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My desktop is very minimal by choice. With the move to a solid state drive, I’ve re-evaluated how I manage my applications and data – breaking long standing habits I’ve had since I’ve first owned a Macintosh.
First and foremost, I want to give credit where credit is due. The Mac Performance Guide was absolutely influential on my system overhaul. There’s a wealth of great information on that site that will really help you set up the most effective Mac system out of the box. I find myself going back to this site on an almost weekly basis.
My 40GB SSD is populated with the operating system and all the applications I use, leaving me with almost 13GB of space free. I call this drive “Boot”, using the methodology outlined in the Boot Drive dogma section of the MPG.
My data files are stored on a separate 7200 RPM SATA drive (called Optimus). Before acquiring the SSD drive, I loaded “Optimus” with the OS, Apps and data. I haven’t removed anything from this drive – it’s my emergency boot drive in case I need it. Applications which typically try to use the main drive for storing its data (like Mail.app for instance) have been redirected to “Optimus” instead of “Boot” – trimming any additional “fat” that would result from storing the data on my SSD.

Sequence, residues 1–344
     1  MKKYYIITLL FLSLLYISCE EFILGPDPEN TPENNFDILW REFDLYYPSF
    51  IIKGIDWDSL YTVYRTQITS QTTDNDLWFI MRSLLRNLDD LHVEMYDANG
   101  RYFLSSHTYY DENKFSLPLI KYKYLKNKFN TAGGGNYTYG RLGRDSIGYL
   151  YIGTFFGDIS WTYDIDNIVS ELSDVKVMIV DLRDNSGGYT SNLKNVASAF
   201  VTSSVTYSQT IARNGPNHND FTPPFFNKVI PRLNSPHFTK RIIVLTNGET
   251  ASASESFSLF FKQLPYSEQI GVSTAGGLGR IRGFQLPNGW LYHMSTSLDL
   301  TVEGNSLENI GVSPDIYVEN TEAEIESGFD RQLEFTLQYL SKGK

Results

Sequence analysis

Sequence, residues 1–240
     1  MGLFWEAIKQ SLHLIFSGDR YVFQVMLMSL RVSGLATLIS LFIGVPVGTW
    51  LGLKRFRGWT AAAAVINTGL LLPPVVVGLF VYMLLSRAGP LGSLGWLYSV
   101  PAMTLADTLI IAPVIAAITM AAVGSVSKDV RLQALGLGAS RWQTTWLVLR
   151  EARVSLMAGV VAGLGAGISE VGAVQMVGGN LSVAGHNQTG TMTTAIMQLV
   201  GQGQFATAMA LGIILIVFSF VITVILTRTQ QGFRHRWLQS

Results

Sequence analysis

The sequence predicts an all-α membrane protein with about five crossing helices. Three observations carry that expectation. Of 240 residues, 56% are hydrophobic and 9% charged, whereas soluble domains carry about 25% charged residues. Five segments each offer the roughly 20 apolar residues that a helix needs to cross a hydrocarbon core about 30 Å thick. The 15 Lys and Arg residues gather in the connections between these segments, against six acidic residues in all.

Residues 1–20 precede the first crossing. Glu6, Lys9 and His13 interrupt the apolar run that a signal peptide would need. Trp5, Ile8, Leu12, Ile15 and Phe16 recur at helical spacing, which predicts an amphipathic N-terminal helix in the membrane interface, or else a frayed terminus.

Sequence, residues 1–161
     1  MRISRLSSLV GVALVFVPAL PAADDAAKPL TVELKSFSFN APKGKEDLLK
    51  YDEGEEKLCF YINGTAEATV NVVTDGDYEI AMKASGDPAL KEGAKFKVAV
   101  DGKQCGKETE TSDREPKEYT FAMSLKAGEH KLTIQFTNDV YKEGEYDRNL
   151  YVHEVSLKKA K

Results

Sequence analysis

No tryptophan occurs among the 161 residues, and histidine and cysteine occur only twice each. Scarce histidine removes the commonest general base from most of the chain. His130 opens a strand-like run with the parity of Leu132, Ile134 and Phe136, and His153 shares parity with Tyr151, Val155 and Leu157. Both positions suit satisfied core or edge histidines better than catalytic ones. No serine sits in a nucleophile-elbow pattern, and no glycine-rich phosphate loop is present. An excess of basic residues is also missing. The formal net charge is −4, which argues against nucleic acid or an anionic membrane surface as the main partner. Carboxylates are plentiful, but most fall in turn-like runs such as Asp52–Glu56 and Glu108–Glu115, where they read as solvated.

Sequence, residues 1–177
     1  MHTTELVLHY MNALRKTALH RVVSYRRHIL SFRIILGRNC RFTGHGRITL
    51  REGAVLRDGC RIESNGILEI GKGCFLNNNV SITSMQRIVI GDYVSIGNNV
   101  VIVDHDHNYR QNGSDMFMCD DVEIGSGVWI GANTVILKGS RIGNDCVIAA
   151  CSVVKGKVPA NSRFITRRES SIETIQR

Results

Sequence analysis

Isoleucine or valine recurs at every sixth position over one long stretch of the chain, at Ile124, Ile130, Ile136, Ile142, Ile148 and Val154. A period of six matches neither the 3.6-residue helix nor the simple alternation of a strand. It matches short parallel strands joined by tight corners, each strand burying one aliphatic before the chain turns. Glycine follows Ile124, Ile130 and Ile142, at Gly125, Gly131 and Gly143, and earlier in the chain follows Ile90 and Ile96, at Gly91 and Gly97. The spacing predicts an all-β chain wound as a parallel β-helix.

On the “Bootcamp” drive is my Windows 7 partition. I find myself using Windows 7 very rarely these days – but it is nice to have around when I need it.
“Time Machine”, as the name implies, backs up all the data on “Optimus”. To prevent the Time Machine drive from filling up prematurely, I’ve tweaked Time Machine’s Exclude settings to ignore the Boot Drive, Applications, and other tertiary drives on my system.
Lastly, I have a 750GB drive with 2 partitions. First is a bootable backup partition called “Boot Backup” which is roughly 5GB larger than my SSD drive. Next is “Optimus Backup” which handles a full-copy of “Optimus”. I use Shirt Pocket Software’s SuperDuper to clone both “Boot” and “Optimus” partitions to their respective destinations.
So, there you have it – my new set-up. If you have an SSD in your computer, how do you manage your applications and data? Sound off in the comments below!